That pearl of wisdom was one of many that I gleaned from golfing greats during my youth, a bedrock of game-improvement knowledge and lessons in human nature that I still lean upon today.

My access to the titans of the game came through the military clout of my father, Lt. Col. Joseph D. Kelly. In the 1960s, Homestead Air Force Base — just south of Miami and about 20 miles from what was then known as Doral Country Club — sported a nifty little nine-hole course. No expense was spared to keep it in Augusta-like condition, thanks largely to the fact that my golf-addicted father (he was a 10-handicapper when not shanking!) served as Deputy Base Commander.

Dad offered select pros who missed the cut at the Doral Open each March a weekend fete at the base; the invitations were extended through Frank Strafaci, Doral’s then-director of golf. The pitch: A military limo would pick up the pro at Doral Friday evening, deliver him to the base, put him up at the ritzy Visiting Officers Quarters, provide all meals at the Officer’s Club, drop him off at the airport Sunday or Monday if he flew in, and hand over a check from Uncle Sam for $500. In return, the pro would put on a clinic Saturday morning and play nine holes with military brass that afternoon.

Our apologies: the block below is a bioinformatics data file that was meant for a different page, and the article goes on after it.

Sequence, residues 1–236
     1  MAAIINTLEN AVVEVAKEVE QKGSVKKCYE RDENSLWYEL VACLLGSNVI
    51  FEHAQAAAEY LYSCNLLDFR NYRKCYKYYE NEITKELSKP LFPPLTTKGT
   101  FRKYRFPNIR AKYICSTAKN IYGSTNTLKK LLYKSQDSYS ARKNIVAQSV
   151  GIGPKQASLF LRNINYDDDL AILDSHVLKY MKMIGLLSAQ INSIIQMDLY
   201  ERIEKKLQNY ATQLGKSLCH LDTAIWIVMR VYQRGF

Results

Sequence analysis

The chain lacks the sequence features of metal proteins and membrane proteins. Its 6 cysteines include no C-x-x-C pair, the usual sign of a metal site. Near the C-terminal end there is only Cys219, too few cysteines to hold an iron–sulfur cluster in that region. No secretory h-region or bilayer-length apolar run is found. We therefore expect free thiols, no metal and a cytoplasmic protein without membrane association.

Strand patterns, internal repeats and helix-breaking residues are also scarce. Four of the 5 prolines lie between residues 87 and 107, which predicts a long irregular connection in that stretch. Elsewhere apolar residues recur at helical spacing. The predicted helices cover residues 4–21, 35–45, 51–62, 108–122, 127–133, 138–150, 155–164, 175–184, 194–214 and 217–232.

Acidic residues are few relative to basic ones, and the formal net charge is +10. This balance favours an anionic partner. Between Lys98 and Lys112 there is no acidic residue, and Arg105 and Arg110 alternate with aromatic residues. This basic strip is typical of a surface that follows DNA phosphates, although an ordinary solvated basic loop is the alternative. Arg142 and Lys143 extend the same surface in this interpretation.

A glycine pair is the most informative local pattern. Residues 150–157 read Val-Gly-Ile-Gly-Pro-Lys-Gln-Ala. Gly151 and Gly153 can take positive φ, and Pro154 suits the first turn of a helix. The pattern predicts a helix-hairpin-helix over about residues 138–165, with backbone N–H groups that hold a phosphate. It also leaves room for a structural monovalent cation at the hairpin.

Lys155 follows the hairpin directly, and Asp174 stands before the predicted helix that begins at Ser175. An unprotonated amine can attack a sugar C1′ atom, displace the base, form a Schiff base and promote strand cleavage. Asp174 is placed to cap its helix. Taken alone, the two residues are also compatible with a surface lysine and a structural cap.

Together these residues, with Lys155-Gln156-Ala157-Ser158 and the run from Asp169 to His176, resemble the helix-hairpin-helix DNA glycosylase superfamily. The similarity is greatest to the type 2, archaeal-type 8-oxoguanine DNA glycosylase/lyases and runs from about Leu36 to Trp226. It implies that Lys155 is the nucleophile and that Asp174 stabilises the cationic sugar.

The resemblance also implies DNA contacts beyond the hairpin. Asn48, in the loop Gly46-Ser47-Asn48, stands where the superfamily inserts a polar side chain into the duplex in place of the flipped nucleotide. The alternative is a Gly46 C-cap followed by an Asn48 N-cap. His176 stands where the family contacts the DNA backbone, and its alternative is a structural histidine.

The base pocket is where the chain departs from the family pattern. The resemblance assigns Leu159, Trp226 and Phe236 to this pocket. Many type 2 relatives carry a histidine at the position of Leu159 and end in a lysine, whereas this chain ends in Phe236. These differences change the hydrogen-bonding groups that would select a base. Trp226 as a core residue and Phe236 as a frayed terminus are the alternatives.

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The same “weekend bash” offer was also made at other times throughout the year via Strafaci to men and women pros he knew who were visiting South Florida. In return, Strafaci enjoyed base privileges whenever he wanted to get away for a few days with friends. 

That’s where I came in. Besides having an after-school job at the base course cleaning clubs and retrieving range balls, I caddied for the visiting pros. Also through Strafaci, I looped for a few players who needed a hand at the Doral Open. Nepotism has its benefits. 

Here are a few of my more memorable encounters from those halcyon days:

Gary Player

On Doral’s long par-3 12th hole, Player badly pulled a long iron left of the green and in the rough. From his lie, the pin sat on a piece of the green sandwiched between bunkers short and long. I watched Player walk to the green and carefully survey the situation, and I gasped when he intentionally chipped the ball into the front bunker. Player blasted to about three feet and made the putt.